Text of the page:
Cara Burnidge, Assistant Professor of Religion at the University of Northern Iowa, teaches Religions of the World and researches religion in U.S. foreign relations. She also tweets and, along with her students, curates a Flipboard magazine dedicated to religion in international affairs.
Readers beware: this blog post is not about religion. It is a reflection on some of the issues involved in defining an object of study.*
This past week, Rachel Maddow kicked off her show with an international topic dominating the news. Before she talked about bombings, though, she turned her attention to borders.
Maddow wanted to know: why are there two different names for the group that the United States is bombing in Iraq? The White House and the U.S. Department of Defense say the United States is targeting “ISIL.” “Everyone else,” she says, calls the group “ISIS.” In what followed, Maddow gave a brief history to the two names used. Some use “ISIS” because it stands for the “Islamic State in Iraq and Syria.” Others use “ISIS” as an acronym for the “Islamic State in Iraq and al-Sham.” The former implies that the group seeks to establish its authority in Iraq and Syria. The latter suggests the group seeks to establish itself in Iraq and “greater” Syria, or the territory belonging to Syria plus portions of surrounding areas. As Maddow and others have noted, the U.S. government does not use “ISIS” at all. Instead, press briefings use “Islamic State of Iraq and the Levant” or “ISIL.” By preferring “Levant” the White House and State Department claim that this group’s desired reach expands beyond Syria and Iraq to include larger portions of Lebanon, Jordan, Israel, and Palestinian territories. Whatever term is used, Maddow’s segment indicates that everyone seems to be on the same page: the name changes, the boundaries shift, but—somehow—the object of study stays the same.
Maddow presents her concern about ISIS vs. ISIL as an issue of translation when she asks “what’s in a name?” The assumption is that it doesn’t matter what term is ultimately used because everyone knows who the group really is. But this is not a matter of Maddow—or anyone else—choosing the most accurate translation of a word or idea in a language different than her own. After all, no English-language news agency is using the term that the group in question wants to use: “Islamic State.” According to English-language videos, this group considers all borders to be artificial and illegitimate, so they prefer to drop any association with present-day territories and be known only as “IS.” In many ways, Maddow is right when she says, “frankly, I think no one cares what they want to be called.” “No one cares” because the issue of naming has less to do with the object of study being named and more to do with the person or group doing the naming.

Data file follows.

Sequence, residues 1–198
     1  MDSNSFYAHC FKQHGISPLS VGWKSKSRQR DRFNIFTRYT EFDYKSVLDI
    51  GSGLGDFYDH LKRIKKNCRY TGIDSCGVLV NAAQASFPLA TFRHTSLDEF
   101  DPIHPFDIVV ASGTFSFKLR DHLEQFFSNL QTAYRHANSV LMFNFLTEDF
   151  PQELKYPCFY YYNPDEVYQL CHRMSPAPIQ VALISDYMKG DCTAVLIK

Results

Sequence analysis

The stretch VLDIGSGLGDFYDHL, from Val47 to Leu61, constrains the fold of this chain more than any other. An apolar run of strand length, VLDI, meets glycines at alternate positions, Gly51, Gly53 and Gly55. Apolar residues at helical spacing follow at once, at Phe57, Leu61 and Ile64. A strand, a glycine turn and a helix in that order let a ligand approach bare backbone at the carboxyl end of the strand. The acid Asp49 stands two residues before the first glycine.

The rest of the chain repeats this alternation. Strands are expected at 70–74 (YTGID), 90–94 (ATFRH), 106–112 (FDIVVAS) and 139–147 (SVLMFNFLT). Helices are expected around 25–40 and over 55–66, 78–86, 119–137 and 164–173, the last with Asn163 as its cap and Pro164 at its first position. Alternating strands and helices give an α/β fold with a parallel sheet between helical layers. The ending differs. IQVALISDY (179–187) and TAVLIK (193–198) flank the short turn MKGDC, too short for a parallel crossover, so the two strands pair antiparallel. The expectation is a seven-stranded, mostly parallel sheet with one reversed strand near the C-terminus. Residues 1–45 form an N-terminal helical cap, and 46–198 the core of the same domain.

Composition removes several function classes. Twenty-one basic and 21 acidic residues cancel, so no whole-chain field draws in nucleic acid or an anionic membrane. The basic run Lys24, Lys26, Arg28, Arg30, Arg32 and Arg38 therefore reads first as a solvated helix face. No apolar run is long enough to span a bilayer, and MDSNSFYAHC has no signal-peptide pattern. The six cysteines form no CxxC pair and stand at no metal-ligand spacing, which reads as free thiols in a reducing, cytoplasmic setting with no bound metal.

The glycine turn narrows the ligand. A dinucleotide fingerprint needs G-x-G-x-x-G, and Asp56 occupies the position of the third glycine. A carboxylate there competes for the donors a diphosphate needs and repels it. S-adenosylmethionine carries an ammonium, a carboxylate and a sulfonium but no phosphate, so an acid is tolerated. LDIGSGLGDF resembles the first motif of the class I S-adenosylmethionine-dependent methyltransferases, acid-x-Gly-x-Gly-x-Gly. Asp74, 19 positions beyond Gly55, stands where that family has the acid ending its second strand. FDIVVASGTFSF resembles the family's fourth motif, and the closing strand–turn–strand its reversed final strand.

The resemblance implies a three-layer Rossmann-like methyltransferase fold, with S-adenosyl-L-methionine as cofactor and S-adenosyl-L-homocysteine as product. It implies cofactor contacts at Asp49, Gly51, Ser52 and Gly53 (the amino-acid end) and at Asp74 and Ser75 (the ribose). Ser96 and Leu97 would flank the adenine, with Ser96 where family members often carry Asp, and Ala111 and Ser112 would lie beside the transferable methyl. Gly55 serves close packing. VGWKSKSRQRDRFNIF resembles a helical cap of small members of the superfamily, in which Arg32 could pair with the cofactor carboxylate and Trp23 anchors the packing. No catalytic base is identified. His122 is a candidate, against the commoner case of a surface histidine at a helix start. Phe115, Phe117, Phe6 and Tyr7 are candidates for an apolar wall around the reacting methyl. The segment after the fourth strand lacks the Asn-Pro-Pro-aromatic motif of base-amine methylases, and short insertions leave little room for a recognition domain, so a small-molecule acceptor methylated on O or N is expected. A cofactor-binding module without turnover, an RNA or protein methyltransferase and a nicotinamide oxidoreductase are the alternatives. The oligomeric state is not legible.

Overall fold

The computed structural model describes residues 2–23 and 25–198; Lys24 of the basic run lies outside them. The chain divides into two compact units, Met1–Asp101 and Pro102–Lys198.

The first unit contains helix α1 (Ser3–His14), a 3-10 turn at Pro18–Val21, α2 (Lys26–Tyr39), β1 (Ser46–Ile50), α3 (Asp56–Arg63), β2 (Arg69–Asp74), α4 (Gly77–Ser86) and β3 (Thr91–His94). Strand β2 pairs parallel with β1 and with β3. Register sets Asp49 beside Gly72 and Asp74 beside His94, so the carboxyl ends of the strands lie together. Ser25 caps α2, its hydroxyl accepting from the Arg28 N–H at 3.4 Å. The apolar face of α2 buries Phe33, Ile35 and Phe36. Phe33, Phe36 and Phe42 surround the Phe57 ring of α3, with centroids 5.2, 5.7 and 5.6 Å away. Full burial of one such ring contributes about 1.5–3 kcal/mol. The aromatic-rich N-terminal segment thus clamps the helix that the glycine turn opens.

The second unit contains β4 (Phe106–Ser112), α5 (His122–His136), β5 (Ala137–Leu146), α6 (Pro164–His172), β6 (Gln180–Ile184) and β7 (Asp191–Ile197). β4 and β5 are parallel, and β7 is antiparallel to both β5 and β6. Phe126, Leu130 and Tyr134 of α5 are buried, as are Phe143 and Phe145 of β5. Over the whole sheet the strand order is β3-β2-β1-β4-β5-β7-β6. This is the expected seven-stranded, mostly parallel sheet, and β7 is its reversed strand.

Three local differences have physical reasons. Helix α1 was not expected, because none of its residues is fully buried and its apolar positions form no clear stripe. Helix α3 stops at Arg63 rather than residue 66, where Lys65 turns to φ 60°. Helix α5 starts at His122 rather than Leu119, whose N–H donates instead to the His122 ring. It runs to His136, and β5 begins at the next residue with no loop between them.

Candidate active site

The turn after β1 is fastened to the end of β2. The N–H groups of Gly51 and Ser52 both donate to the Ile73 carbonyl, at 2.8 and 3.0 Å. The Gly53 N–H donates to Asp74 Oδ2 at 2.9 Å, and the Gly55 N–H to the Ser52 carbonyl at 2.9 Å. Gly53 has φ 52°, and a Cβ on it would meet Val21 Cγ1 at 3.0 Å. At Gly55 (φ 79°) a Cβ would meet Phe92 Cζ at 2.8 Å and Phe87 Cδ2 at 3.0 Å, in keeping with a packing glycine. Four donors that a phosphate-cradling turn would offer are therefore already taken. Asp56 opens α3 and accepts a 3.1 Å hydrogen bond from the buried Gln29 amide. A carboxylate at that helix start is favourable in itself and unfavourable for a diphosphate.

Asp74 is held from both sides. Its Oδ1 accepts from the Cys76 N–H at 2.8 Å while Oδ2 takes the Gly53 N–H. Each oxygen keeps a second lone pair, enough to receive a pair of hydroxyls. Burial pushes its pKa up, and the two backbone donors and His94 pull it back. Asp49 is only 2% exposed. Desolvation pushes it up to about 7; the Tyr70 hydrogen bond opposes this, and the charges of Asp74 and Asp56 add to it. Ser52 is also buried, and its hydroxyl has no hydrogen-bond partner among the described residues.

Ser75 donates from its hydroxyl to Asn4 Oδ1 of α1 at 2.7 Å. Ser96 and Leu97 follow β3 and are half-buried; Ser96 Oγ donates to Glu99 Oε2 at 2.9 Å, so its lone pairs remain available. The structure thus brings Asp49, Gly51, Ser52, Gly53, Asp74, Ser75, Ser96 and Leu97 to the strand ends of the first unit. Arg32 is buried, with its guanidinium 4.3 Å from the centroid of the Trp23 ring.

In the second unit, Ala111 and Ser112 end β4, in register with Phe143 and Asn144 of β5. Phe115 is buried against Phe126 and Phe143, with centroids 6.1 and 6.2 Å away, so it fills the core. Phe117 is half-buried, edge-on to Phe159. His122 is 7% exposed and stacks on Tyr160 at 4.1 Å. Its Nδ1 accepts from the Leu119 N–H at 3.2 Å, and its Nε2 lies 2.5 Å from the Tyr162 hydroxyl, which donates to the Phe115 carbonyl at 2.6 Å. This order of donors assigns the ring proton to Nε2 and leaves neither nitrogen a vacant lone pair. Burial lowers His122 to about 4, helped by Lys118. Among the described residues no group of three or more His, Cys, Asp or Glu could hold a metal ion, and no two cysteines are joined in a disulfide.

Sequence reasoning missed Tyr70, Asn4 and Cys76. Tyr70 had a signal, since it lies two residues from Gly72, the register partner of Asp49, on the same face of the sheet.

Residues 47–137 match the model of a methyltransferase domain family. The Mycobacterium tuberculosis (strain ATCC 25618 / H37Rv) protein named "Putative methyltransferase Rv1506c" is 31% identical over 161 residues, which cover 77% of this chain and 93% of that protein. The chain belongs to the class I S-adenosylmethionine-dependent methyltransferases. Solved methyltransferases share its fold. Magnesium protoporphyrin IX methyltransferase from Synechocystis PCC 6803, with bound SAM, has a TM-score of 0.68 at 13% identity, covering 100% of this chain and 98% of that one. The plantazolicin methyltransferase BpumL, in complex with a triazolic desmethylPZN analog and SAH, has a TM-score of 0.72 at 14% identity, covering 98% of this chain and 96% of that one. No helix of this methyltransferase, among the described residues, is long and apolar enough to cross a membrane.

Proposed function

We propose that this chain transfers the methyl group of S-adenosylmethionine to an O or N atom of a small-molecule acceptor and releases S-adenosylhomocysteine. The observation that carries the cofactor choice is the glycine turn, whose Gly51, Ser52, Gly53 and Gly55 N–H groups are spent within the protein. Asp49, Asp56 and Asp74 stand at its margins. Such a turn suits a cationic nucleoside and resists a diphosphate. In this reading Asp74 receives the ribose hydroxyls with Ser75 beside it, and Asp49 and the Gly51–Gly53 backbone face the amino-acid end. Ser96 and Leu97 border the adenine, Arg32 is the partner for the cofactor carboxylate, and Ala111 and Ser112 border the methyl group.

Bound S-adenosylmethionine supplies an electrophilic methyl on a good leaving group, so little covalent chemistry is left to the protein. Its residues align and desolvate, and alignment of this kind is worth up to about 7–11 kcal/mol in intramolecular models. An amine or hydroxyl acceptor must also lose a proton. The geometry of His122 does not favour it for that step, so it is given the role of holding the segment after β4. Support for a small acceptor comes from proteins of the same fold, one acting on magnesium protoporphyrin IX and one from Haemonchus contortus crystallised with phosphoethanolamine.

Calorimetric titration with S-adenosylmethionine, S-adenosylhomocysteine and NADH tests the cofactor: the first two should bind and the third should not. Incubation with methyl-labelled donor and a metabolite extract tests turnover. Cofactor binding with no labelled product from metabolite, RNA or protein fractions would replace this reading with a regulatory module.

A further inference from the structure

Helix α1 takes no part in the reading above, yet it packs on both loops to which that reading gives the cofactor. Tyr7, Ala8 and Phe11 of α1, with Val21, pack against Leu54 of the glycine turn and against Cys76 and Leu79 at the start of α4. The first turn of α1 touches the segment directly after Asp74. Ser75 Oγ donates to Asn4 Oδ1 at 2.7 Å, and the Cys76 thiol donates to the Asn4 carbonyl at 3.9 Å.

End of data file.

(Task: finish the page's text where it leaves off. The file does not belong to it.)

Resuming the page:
Take for example, the newest name on the table: QSIS. Dar al-Ifta al-Misriyyah, a part of the Egyptian Ministry of Justice, declared the proper name for this group is “al-Qaeda Separatists in Syria and Iraq.” Because they consider the group “far from the correct understanding of Islam,” Dar al-lfta is asking others to “call it QS not IS.” The more the group is associated with al-Qaeda, the reasoning is, the less it will be associated with Islam. The less it is associated with Islam, the more distance there is between Muslims in Egypt and the group in question. Or, as another reporter put it “terrorist organizations don’t get to decide what they are called.” Corporations, however, do.
Whether or not one uses “ISIL” to build a broader coalition, or thinks it’s stupid to say “ISIL,” or assumes Syria is “real” but al-Sham is “imagined,” what Studying Religion reminds us is that the names we use tell us little about “them” and more about “us.” Defining an object of study is therefore not a neutral act. Setting boundaries is a social act that indicates the interests of the people doing the defining and not the object being defined.
*Careful readers will find more than one parallel in
Chapter 1 of Studying Religion.